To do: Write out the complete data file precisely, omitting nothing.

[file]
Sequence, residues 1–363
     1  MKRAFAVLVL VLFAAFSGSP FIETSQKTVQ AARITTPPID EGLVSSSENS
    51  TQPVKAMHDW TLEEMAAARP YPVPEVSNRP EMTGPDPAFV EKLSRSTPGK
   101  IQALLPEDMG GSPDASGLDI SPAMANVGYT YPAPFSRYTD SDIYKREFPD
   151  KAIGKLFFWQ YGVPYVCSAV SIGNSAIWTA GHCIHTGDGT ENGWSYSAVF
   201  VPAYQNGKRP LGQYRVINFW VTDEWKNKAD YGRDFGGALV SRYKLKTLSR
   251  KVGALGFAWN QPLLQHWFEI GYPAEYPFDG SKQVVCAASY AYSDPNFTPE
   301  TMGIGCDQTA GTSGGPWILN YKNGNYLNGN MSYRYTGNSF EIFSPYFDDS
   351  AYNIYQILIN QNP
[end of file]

Sequence, residues 1–363
     1  MKRAFAVLVL VLFAAFSGSP FIETSQKTVQ AARITTPPID EGLVSSSENS
    51  TQPVKAMHDW TLEEMAAARP YPVPEVSNRP EMTGPDPAFV EKLSRSTPGK
   101  IQALLPEDMG GSPDASGLDI SPAMANVGYT YPAPFSRYTD SDIYKREFPD
   151  KAIGKLFFWQ YGVPYVCSAV SIGNSAIWTA GHCIHTGDGT ENGWSYSAVF
   201  VPAYQNGKRP LGQYRVINFW VTDEWKNKAD YGRDFGGALV SRYKLKTLSR
   251  KVGALGFAWN QPLLQHWFEI GYPAEYPFDG SKQVVCAASY AYSDPNFTPE
   301  TMGIGCDQTA GTSGGPWILN YKNGNYLNGN MSYRYTGNSF EIFSPYFDDS
   351  AYNIYQILIN QNP